Caring for Caregivers Program Expands Reach

Caring for caretakers

RUSH is making health history. One year after receiving funding through a grant from the John A. Hartford Foundation, the RUSH Caring for Caregivers model is expanding to help caregivers in Illinois and beyond.

The C4C framework is simple: A health care provider will ask their patient whether they’re caring for someone at home. If they are, the provider can share C4C resources and guidance to help that person navigate managing their own physical and emotional health on top of making sure their loved one’s needs are also met.

It provides a model to systematically engage family caregivers — but doesn’t have to be followed by the book. Diane Mariani, a licensed clinical social worker at RUSH and C4C program manager, said the model allows health care systems to take what works for them and leave what doesn’t.

“We have an adaptable approach to implementing the C4C model. We assist health care systems by suggesting a variety of ways they can identify, understand and assist caregivers based on their unique setting and current resources, with key consideration for the community they serve. It’s why we’re confident we’ll be able to help others adopt it,” Mariani said.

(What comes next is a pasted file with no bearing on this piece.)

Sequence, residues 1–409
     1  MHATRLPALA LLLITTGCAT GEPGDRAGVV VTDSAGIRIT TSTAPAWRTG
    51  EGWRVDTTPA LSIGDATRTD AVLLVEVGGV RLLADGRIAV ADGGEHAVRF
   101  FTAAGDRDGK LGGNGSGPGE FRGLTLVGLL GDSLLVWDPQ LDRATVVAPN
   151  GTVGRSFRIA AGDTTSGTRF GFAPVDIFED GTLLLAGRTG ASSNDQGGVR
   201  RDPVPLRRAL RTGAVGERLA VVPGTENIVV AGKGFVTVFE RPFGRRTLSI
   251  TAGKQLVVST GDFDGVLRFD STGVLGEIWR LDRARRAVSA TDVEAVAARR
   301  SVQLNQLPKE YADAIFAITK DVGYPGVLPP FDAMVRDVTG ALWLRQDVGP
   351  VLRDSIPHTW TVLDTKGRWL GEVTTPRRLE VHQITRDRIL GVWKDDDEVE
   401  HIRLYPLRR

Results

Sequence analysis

Grady Memorial Hospital in partnership with the Emory University School of Medicine is one of the latest health care providers to sign on to implement the C4C program. Ugochi Ohabunwa, MD, is a professor of medicine and the chief of geriatrics at Grady, which is a designated Age-Friendly Health System in Atlanta. She said the program will be essential in improving outcomes for older adults who need support.

“Patient outcomes are very dependent on the caregiver. If the caregiver is engaged and knowledgeable about their loved one’s medications and appointments, the caregiver will likely do a better job and the patient will likely have a great outcome as a result,” Ohuabunwa said. “Investing in caregivers is a great way to ensure patients do well and make sure we have great outcomes for both the loved one and the caregiver.”

It's not just hospital systems signing on. CVS Minute Clinics in Illinois are also participating, screening for caregivers and providing C4C as a resource to older adults during their Medicare annual wellness visit. The goal is to reach even more Age-Friendly Health Systems across the country.

“The John A. Hartford grant funding has provided us the opportunity to reach a whole new group of caregivers in different parts of the country, experiencing similarly unique challenges,” Mariani said. “It’s an incredible thing to know that caregivers across the country will start to feel more supported and more confident in the assistance they provide to the older adults they care for.”